Laughter Is Good Medicine
When we’re having a stressful day, it hardly seems like the time to stop and have a good laugh, but that might be just the time. Laughing actually benefits us in many ways. Laughter is a good form of stress relief and beneficial for the body. A good sense of humor can't cure all ailments, but data is increasing about the positive benefits of laughter.
Several years ago, Dr. Norman Cousins wrote Anatomy of An Illness. When he was faced with combating a life-threatening illness, Dr. Cousins worked with his doctor in developing a plan to combat his illness using among other things--laughter. He used humor to boost the body’s capacity for healing. Among the techniques he used to help him feel better was watching a variety of comedies (movies and TV shows). Dr. Cousins said that ten minutes of laughter allowed him two hours of pain-free sleep.
A growing number of hospitals and treatment centers are using “Humor Therapy.” Humor therapy uses the power of smiles and laughter to aid healing. It helps you find ways to make yourself (or others) smile and laugh more. When you think of humor therapy, picture Micky Mouse or Goofy in the children's ward of a hospital cheering up sick children. Some hospitals have humor carts that provide funny materials for patients of all ages.
Scientists have also been researching the relationship between the mind and the body, especially in connection with the body's ability to heal (psychoneuroimmunology). Laughter appears to change brain chemistry and may boost the immune system. Negative thoughts manifest into chemical reactions that can impact the body by bringing more stress into your system and decreasing your immunity. However, positive thoughts actually release neuropeptides that help fight stress and potentially more-serious illnesses.
Humor may allow a person to feel in control of a situation and make it seem more manageable, even pain. Laughter may ease pain by causing the body to produce its own natural painkillers. Laughter may also break the pain-spasm cycle common to some muscle disorders. Laughter allows people to release fears, anger, stress, and tension--all of which can certainly harm the body over time. Laughter can stimulate circulation and aid muscle relaxation, both of which help reduce some of the physical symptoms of stress.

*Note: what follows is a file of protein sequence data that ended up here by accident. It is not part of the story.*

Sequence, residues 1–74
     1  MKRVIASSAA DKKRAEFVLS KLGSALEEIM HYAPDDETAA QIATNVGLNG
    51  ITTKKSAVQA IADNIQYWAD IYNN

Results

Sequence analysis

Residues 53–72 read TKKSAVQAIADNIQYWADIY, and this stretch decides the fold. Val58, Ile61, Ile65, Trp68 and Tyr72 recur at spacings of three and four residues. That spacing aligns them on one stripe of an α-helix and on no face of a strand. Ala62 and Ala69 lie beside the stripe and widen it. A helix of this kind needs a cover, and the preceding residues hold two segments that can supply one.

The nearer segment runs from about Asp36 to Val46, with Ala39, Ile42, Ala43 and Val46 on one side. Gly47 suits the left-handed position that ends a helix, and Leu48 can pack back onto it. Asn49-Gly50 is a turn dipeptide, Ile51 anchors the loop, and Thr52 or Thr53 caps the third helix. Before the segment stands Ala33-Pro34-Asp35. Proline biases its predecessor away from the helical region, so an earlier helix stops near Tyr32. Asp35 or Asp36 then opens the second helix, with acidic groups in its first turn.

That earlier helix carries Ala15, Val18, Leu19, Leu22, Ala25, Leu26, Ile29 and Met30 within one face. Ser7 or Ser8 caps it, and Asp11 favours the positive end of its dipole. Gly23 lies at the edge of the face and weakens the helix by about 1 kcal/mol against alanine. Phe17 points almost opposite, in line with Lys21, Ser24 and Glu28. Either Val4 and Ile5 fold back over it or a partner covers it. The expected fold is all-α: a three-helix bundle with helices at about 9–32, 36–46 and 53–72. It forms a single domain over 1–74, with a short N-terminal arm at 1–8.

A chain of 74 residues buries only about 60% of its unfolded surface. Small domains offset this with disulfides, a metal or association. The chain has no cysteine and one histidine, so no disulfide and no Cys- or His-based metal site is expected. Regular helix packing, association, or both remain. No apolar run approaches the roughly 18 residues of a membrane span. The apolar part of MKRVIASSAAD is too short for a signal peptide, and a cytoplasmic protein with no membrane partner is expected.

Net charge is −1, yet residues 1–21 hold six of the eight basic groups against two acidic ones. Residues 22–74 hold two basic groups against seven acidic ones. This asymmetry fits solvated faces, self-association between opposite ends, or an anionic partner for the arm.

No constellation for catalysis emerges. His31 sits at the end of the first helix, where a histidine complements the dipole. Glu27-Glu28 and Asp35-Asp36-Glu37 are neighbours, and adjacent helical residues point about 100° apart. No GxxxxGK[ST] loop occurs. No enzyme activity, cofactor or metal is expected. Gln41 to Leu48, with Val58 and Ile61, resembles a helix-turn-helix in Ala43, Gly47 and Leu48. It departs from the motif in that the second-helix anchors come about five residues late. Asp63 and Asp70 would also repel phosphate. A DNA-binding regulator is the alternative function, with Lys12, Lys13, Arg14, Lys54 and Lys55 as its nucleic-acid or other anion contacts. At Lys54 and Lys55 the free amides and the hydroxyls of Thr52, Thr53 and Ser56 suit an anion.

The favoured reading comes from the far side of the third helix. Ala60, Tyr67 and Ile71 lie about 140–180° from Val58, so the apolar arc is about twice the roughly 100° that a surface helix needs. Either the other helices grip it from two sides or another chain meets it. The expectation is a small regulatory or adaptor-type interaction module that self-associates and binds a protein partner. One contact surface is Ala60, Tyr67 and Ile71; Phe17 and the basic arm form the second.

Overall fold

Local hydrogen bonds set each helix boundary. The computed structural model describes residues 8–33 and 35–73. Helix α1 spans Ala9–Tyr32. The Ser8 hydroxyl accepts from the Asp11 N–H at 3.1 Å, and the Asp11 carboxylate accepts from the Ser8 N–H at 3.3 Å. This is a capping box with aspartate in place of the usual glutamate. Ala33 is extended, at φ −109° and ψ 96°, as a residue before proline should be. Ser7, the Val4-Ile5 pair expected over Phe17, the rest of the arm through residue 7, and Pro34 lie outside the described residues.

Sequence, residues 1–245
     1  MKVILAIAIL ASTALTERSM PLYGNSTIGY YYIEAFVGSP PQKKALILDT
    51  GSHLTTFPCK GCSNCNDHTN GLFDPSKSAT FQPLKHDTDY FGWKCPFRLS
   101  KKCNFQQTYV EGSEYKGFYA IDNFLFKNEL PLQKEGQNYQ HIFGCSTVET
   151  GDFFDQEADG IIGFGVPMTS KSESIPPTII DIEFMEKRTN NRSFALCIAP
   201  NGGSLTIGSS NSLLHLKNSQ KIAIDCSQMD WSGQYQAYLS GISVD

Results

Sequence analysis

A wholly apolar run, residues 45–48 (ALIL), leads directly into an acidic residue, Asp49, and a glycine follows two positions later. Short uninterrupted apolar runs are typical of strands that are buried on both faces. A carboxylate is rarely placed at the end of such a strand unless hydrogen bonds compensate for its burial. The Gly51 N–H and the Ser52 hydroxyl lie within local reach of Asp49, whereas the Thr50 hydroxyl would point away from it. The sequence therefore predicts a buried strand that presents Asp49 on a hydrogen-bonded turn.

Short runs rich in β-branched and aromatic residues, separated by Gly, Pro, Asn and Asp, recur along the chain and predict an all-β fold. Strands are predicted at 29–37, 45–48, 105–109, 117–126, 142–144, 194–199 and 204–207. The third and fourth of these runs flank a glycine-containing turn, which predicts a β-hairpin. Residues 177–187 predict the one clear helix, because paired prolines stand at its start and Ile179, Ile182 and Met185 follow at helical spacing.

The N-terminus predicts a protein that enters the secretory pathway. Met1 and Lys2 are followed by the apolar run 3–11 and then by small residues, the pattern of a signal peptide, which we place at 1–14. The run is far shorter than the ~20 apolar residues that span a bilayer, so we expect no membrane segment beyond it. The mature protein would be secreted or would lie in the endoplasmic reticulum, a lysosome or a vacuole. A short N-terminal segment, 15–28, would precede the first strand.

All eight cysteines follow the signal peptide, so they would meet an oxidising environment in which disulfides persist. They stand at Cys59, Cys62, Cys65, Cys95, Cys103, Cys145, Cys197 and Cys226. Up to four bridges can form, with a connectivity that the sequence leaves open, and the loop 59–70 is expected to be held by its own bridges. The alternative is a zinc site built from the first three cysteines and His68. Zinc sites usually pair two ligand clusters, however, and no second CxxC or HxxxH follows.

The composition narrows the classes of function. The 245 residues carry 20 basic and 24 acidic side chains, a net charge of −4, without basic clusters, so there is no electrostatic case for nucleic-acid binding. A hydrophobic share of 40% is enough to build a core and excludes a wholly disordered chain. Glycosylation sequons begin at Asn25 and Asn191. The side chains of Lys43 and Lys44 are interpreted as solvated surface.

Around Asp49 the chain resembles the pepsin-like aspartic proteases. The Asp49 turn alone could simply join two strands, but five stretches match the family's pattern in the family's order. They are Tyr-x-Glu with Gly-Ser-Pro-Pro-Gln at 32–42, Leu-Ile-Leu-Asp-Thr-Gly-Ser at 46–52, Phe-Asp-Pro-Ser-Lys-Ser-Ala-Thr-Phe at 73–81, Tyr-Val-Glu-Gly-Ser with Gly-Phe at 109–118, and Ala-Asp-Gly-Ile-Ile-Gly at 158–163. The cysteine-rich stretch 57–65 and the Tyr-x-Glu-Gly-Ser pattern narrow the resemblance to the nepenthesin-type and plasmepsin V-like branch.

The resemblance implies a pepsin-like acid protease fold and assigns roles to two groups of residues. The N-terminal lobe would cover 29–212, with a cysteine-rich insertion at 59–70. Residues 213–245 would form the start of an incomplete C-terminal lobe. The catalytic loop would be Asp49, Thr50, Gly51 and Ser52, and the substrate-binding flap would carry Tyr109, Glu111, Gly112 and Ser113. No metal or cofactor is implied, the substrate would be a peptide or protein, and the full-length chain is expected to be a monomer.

When you start to laugh, it doesn't just lighten your load mentally but also causes specific physical changes in your body. The next time you have a good hardy laugh, remember that laughter enhances your intake of oxygen-rich air; stimulates your heart, lungs & muscles; and, increases the endorphins that are released by the brain.
To increase or develop your “laugh quotient” (frequency of laughing), try some of these ideas:
Find a comic strip, poster, or photo that makes you laugh and hang it up at home or in your office.
Have some comedies at home (DVDs of favorite movies or comedians) to watch after a stressful day.
Spend time with friends who make you laugh. You can share funny stories or events that gave everyone a good laugh.
Go to the store and go through the greeting cards to find one that makes you smile and/or laugh. Take it home and post it on your bulletin board or refrigerator.
Practice laughing. It may seem strange at first, but you don’t have to give a big belly laugh. Smile and then give a little laugh. Even if it feels forced at first, keep on practicing. It’s good for your body.
Laughter is good medicine. Both the short-term and long-term benefits can help us and our bodies better deal with stress and illness. The research is ongoing but very positive regarding the benefits of humor therapy. Remember that it does take fewer muscles to smile than to frown. So, smile and laugh more for both your face and better health.
Check out this wonderful message on Living Joyful from Pastor Joel Osteen out of Houston, Texas!
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